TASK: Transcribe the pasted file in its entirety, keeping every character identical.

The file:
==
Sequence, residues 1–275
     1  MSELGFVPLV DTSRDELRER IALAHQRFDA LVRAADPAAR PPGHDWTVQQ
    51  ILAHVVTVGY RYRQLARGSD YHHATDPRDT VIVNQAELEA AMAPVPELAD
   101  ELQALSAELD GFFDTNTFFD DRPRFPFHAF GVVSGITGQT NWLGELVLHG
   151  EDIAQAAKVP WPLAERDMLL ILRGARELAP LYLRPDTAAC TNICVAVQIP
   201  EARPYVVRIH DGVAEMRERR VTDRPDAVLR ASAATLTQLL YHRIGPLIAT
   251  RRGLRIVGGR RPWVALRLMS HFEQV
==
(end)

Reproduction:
Sequence, residues 1–275
     1  MSELGFVPLV DTSRDELRER IALAHQRFDA LVRAADPAAR PPGHDWTVQQ
    51  ILAHVVTVGY RYRQLARGSD YHHATDPRDT VIVNQAELEA AMAPVPELAD
   101  ELQALSAELD GFFDTNTFFD DRPRFPFHAF GVVSGITGQT NWLGELVLHG
   151  EDIAQAAKVP WPLAERDMLL ILRGARELAP LYLRPDTAAC TNICVAVQIP
   201  EARPYVVRIH DGVAEMRERR VTDRPDAVLR ASAATLTQLL YHRIGPLIAT
   251  RRGLRIVGGR RPWVALRLMS HFEQV